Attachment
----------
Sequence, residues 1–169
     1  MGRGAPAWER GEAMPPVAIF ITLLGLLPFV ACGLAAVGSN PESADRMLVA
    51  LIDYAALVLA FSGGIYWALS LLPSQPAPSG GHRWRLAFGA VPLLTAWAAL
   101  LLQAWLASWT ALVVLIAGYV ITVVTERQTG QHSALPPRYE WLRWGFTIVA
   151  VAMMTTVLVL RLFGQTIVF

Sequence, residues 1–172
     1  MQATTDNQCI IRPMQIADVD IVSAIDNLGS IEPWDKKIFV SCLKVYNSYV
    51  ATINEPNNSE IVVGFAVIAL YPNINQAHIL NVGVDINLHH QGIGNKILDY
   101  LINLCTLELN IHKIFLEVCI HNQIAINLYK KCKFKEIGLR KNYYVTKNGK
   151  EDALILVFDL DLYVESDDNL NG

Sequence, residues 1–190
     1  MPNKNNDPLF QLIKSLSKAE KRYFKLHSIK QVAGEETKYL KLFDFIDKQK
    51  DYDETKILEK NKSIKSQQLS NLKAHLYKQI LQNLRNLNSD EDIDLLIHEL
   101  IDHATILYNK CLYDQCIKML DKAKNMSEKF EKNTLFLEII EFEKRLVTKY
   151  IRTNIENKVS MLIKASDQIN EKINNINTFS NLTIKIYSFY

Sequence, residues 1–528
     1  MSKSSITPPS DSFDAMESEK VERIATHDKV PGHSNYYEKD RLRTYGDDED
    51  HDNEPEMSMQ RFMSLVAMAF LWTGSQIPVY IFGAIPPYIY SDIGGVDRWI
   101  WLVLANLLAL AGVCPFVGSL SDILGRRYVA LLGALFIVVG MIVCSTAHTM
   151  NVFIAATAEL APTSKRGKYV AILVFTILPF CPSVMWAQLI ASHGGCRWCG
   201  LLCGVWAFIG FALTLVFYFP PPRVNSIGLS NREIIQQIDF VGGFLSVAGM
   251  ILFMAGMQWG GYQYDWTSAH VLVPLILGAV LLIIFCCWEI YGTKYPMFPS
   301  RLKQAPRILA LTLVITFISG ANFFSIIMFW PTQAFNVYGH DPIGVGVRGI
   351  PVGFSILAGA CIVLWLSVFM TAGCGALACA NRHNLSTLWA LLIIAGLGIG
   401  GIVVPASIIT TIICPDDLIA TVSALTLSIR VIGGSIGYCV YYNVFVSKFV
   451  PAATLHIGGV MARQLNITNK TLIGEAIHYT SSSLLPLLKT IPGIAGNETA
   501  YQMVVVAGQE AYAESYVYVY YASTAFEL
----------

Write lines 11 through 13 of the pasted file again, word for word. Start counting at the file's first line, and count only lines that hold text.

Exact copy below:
Sequence, residues 1–190
     1  MPNKNNDPLF QLIKSLSKAE KRYFKLHSIK QVAGEETKYL KLFDFIDKQK
    51  DYDETKILEK NKSIKSQQLS NLKAHLYKQI LQNLRNLNSD EDIDLLIHEL